A question I often get with Rebuild the Party is how we intend to get from Point A to Point B. That we have admirable and oftentimes lofty goals, and what we need is a roadmap for accomplishing them.
Let me give a great example of how the bit about five million new Republican online activists gets done in real life, and it has to do with the first outrage of the Obama era: the auto bailout.
With all deference to our friends in Michigan, a functioning RNC would be able to take a hard line against the bailout-of-choice for the auto industry. Or against insert-Obama-outrage-here. It doesn't really matter. We'll have plenty of issues once these guys actually get in.
Practically, this means that the RNC needs to be able to publicly stick its neck out on core issues where 80 or 85 percent of our House and Senate conferences agree. Currently, this is very difficult because even when Congressional Republicans take a good, populist position, the White House has to take the Responsible Presidential Position, which usually serves as a wet blanket as far as firing up the base goes.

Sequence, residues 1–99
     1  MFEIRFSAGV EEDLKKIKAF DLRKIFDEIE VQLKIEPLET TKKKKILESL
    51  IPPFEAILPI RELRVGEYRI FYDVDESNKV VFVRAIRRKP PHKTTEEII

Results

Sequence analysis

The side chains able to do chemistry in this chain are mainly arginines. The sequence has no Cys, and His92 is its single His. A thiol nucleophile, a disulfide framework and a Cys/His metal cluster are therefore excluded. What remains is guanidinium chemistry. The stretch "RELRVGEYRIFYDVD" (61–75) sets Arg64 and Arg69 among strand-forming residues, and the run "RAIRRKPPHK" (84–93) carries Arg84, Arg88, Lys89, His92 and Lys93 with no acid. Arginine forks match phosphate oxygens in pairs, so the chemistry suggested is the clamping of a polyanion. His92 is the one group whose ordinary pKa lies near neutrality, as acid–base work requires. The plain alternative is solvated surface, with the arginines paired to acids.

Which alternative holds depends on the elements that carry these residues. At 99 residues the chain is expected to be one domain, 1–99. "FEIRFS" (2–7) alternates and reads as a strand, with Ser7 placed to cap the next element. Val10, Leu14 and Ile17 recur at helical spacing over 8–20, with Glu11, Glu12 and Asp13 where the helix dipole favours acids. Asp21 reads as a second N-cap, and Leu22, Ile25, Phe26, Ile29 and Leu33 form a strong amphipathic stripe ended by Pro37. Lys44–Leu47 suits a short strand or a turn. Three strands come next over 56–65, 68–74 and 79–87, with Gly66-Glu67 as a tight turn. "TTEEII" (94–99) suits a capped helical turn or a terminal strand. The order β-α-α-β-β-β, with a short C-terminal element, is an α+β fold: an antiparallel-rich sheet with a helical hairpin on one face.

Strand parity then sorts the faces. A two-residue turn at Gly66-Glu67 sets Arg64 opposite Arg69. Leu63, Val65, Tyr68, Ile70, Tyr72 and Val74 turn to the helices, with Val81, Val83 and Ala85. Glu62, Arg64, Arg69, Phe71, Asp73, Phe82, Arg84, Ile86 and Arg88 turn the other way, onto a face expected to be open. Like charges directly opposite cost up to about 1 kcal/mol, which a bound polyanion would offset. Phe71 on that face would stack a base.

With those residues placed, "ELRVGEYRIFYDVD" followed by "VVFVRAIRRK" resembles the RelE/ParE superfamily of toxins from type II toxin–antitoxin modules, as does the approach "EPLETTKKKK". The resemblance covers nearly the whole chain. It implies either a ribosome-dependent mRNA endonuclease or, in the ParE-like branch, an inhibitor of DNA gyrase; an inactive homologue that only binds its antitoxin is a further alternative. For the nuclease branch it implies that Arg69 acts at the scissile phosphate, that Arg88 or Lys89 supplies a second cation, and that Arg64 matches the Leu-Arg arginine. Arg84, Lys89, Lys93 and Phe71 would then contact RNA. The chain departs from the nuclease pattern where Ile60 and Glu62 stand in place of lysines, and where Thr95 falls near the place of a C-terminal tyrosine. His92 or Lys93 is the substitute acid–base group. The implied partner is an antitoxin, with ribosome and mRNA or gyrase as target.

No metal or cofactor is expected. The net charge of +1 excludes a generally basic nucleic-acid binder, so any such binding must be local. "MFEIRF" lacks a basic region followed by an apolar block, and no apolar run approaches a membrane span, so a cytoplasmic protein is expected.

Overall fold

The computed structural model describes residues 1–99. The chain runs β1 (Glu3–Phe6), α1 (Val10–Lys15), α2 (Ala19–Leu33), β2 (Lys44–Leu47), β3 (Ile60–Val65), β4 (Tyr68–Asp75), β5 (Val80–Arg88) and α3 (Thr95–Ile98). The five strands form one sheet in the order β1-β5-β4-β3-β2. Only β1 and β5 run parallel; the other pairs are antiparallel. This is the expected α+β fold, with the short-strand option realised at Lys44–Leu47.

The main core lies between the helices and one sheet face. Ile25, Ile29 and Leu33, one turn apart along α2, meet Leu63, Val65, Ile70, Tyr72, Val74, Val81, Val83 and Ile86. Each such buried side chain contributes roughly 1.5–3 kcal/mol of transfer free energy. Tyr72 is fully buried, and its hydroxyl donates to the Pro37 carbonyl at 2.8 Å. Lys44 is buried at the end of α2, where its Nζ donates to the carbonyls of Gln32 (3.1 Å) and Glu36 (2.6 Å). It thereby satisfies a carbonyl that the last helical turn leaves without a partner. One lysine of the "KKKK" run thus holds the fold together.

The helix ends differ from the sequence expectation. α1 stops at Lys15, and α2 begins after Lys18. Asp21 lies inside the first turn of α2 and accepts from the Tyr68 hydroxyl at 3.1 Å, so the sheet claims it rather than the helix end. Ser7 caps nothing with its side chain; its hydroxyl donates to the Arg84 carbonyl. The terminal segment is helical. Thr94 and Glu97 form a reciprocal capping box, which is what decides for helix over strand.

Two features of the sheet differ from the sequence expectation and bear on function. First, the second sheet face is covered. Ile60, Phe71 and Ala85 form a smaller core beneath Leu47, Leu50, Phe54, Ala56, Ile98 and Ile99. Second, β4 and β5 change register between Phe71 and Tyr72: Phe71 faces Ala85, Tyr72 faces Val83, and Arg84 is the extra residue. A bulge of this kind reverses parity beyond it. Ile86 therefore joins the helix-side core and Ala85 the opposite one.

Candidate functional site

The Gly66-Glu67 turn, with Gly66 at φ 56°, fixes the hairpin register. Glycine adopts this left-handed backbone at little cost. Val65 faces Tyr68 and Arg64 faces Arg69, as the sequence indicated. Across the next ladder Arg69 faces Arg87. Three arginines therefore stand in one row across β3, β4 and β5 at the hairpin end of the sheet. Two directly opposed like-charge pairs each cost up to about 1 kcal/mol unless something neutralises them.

But without a White House, the RNC can align itself with galvanizing positions on key issues. And one by one, it can start launching online petition drives around them, of which the good ones can get in the hundreds of thousands of signatures. The auto bailout would be a good prototype, but again, the specific issue really doesn't matter as long as the RNC is bought into the basic idea of aggressive recruitment based on opposition to specific Obama policies, not just vague direct mail boilerplate against the "Obama-Biden Democrats" I got during the campaign.
Not all of them will catch fire. Not all of them will be Drill Now. But some of them will be. Even Eric Cantor's "Call Back Congress" petition during #DontGo got 35,000 signatures based on little more than recruitment to the blogosphere -- just imagine if the RNC had gotten involved and put its list to work? And every little bit helps in getting to the goal of five million.